demyelination of the axon sheath
What famous scientist has a neurodegenerative disease?
What famous actor has a disease of the neurotransmitter producing cells?
Neuroplasticity refers to:
a. the hardness of the brain after injury
b. the pliability of the brain after injury
c. the ability of the brain to regenerate neuronal connections
d. the ability of scientists to perform plastic surgery to aid brain healing
T or F
Parkinsons disease and multiple sclerosis are both problems that arise in the brain.

**before we start with the pathophysiology, lets review the anatomy of the skull
Alzheimers Disease
irreversible cognitive dysfunction
1. Development of amyloid plaques
(cc) image by nuonsolarteam on Flickr
2. Development of neurofibrillary tangles
fragments of a protein called beta-amyloid peptide mixed with a collection of additional proteins
abnormal collections of a protein called tau
proteins tangle and clump preventing neuronal commmunications
Gradual degeneration leads to
behavior and personality changes,
Decline in cognitive abilities such as
decision-making and
language skills, and
problems recognizing family and friends
Further decline leads to:
Severe loss of mental function with worsening breakdown of the connections between certain neurons in the brain causing neuronal death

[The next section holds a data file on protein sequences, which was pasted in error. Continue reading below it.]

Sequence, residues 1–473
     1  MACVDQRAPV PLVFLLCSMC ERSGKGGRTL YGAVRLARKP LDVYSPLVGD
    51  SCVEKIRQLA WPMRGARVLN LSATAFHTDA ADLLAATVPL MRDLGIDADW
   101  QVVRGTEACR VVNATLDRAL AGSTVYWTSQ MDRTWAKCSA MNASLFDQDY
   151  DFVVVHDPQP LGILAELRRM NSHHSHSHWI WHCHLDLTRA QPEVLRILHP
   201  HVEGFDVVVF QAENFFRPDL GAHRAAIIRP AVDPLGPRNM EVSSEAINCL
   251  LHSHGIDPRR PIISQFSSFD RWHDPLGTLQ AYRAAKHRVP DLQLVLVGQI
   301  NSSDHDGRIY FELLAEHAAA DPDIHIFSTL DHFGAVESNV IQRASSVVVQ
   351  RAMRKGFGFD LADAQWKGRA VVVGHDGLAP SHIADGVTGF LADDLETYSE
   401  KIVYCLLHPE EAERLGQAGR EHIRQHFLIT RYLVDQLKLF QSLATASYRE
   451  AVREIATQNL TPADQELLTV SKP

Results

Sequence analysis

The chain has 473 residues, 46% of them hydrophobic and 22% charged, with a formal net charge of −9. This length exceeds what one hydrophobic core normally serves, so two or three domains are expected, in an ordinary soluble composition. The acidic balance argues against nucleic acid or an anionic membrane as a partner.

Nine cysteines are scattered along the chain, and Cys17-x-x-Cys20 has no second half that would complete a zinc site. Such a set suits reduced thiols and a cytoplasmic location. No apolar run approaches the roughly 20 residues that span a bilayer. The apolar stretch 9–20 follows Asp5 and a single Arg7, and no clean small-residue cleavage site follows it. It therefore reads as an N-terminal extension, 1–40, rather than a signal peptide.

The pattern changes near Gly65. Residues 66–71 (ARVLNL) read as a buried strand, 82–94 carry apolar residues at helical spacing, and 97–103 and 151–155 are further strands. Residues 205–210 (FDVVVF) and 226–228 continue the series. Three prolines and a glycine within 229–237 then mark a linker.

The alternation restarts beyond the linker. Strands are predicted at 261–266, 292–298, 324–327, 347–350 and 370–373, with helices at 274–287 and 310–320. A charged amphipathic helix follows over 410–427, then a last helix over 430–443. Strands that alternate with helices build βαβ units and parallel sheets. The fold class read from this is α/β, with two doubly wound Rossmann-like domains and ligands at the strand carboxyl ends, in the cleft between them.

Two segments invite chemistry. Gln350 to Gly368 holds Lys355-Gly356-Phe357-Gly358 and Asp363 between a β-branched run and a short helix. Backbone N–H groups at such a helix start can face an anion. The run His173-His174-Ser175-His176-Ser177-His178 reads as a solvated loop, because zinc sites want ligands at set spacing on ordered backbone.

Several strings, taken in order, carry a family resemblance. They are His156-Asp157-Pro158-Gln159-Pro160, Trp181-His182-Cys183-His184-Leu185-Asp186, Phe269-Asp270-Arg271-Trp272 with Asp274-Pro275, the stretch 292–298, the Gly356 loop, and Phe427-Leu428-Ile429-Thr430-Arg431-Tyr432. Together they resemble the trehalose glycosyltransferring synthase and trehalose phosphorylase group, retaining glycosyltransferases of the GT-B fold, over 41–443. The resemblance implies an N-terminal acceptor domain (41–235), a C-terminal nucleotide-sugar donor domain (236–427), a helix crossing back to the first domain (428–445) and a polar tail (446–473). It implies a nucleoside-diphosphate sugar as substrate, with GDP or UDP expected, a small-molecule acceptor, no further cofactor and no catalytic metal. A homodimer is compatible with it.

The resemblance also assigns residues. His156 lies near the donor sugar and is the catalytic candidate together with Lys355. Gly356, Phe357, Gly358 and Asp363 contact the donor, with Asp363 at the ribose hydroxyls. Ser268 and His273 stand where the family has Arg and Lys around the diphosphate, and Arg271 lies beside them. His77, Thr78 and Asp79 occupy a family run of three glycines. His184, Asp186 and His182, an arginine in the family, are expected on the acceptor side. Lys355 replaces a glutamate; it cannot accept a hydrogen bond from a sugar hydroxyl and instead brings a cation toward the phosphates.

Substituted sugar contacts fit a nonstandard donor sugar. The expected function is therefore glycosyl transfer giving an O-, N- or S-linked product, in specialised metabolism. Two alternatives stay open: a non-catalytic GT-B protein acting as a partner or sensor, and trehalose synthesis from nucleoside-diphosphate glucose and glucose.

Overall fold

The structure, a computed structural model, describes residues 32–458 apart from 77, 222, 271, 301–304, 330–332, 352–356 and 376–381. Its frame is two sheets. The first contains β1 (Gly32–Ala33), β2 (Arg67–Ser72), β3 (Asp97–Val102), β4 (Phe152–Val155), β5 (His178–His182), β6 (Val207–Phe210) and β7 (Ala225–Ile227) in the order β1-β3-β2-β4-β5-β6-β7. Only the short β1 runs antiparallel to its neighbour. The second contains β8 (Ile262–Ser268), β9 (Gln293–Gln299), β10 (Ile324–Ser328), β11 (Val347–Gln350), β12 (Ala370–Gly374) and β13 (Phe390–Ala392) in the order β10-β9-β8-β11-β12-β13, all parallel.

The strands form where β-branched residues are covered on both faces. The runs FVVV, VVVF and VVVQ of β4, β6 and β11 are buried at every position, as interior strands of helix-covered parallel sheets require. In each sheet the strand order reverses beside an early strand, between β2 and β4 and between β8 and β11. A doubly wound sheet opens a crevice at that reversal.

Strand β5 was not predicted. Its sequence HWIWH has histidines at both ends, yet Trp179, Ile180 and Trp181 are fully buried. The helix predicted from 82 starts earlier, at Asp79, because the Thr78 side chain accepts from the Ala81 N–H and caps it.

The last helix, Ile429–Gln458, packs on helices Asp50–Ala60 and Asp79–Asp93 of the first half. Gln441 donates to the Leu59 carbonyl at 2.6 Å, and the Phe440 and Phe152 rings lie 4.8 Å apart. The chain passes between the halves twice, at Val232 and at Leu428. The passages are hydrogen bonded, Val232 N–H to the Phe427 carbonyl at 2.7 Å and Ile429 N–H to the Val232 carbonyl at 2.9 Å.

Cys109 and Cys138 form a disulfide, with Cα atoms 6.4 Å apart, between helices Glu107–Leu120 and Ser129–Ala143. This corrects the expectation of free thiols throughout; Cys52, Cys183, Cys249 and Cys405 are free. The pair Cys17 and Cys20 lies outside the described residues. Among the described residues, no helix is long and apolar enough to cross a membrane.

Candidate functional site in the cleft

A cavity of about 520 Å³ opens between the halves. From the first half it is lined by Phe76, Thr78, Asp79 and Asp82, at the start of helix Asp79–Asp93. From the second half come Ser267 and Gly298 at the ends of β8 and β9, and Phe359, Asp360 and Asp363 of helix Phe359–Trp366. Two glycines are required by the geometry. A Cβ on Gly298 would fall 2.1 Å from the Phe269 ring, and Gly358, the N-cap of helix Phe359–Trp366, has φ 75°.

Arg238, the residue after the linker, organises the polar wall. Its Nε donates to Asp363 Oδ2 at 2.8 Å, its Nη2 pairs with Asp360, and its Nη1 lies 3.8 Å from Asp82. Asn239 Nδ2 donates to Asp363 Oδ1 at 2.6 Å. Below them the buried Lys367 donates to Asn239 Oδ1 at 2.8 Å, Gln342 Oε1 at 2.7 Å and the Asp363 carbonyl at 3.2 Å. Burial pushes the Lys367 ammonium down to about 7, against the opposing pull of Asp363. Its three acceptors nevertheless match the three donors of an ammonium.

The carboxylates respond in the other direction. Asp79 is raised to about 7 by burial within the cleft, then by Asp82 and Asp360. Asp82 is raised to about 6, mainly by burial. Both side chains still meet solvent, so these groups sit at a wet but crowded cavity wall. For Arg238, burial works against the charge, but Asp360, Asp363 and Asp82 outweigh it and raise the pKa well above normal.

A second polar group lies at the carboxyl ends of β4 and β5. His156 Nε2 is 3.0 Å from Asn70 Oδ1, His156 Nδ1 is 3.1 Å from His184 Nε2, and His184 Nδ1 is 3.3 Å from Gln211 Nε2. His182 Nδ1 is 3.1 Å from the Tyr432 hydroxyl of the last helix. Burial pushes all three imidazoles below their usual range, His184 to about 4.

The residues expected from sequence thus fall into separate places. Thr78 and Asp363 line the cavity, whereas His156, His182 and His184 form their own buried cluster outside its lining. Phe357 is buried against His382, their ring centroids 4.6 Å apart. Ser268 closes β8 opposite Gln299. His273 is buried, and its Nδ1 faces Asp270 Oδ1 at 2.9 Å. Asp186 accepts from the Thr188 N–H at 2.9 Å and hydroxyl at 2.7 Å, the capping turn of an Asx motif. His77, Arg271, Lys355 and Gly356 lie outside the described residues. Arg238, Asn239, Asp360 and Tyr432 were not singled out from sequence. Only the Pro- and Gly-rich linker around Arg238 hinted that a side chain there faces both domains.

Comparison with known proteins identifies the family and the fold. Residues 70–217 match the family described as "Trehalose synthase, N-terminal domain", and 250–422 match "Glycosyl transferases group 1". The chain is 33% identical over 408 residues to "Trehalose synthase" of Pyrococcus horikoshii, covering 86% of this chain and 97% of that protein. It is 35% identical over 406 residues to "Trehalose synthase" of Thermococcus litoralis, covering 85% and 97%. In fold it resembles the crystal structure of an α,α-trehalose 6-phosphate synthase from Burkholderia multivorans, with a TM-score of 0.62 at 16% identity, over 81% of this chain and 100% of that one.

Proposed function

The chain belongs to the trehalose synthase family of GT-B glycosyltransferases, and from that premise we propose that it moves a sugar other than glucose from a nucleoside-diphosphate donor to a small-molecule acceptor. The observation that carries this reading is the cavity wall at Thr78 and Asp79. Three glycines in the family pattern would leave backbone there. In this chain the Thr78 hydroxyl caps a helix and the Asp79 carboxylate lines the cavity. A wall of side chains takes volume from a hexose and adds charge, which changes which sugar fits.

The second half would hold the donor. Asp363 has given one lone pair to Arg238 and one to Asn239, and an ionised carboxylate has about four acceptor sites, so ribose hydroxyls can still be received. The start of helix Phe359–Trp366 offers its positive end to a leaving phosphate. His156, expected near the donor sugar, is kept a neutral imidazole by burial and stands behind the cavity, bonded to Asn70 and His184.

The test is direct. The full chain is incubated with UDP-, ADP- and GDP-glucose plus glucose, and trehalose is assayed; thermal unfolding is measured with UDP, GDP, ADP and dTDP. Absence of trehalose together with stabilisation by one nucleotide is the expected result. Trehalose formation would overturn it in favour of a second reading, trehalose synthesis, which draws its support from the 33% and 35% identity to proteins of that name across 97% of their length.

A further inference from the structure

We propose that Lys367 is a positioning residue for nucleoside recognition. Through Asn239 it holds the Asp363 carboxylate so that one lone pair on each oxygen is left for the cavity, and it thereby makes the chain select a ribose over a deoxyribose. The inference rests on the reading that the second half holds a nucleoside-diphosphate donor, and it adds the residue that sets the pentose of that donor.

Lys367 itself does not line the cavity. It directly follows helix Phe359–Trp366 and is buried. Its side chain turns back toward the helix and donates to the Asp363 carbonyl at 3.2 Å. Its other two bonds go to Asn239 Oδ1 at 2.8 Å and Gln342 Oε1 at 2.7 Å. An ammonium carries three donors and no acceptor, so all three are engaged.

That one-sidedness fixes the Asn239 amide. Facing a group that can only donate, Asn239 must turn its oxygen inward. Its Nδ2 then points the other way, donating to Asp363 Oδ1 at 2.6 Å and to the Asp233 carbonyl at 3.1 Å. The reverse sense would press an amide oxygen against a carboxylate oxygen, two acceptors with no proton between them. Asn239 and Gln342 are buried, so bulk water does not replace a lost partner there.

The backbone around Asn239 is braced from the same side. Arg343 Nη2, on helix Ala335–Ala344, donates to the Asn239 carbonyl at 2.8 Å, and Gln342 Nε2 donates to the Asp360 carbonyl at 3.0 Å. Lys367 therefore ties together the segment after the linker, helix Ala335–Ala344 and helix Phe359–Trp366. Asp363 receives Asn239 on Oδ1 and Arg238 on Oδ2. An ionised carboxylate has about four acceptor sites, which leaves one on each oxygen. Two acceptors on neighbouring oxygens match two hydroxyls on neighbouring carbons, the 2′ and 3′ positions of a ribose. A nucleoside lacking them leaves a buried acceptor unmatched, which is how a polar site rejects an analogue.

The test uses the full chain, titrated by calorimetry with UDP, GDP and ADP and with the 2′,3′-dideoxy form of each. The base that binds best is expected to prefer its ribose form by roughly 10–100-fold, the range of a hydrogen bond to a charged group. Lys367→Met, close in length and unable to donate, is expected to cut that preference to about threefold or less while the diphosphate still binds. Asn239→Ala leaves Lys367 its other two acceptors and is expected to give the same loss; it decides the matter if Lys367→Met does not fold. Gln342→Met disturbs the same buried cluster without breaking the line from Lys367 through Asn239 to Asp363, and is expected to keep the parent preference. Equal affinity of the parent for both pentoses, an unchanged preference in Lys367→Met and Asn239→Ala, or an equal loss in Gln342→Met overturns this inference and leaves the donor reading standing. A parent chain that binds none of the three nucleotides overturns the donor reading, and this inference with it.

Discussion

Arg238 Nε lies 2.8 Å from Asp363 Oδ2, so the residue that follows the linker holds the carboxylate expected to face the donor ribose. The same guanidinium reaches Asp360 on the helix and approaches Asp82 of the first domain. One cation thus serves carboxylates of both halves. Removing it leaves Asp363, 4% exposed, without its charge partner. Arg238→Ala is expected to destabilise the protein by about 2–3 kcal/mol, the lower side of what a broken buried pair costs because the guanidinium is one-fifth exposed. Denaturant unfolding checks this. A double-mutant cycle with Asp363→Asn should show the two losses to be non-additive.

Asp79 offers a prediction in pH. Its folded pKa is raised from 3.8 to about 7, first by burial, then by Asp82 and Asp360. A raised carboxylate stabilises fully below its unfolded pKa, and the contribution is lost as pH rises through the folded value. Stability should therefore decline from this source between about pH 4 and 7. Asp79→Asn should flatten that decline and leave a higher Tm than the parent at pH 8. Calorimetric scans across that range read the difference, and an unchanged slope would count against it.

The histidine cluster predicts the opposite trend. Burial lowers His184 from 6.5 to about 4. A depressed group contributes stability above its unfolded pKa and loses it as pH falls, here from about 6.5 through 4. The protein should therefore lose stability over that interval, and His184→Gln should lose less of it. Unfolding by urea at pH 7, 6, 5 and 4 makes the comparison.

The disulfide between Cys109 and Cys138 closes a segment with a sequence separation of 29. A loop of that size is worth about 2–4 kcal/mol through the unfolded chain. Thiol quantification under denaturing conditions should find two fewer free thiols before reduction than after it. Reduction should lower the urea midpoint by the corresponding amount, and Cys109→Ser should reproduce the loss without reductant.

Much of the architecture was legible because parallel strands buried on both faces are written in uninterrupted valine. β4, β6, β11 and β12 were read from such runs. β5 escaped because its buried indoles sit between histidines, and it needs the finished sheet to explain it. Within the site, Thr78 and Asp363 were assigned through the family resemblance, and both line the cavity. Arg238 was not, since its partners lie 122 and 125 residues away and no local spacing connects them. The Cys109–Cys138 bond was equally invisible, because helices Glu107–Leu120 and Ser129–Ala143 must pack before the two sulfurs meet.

90% occurs after age 65 ~Late Onset Alzheimers
For Early onset Alzheimers: genetic predisposition by a mutation in one of three different inherited genes
Treatment may slow but does not prevent deterioration- usually started in the early or mid stages of the disease.These drugs help individuals carry out the activities of daily living by maintaining thinking, memory, or speaking skills. They can also help with some of the behavioral and personality changes associated with AD.
medications-tacrine- Cognex, donepizil- Aricept, revastigmine-Excelon, galantamine- Razadyne,
3. Neuronal degeneration
Dr. Alois Alzheimer. In 1906, Dr. Alzheimer noticed changes in the brain tissue of a woman who had died of an unusual mental illness. Her symptoms included memory loss, language problems, and unpredictable behavior.
Delirium
Abrupt vs. gradual onset
Typcially a phsyiologic cause
Typically reversible
1. Acute onset of mental status changes or a fluctuating course- more at daytime or when dark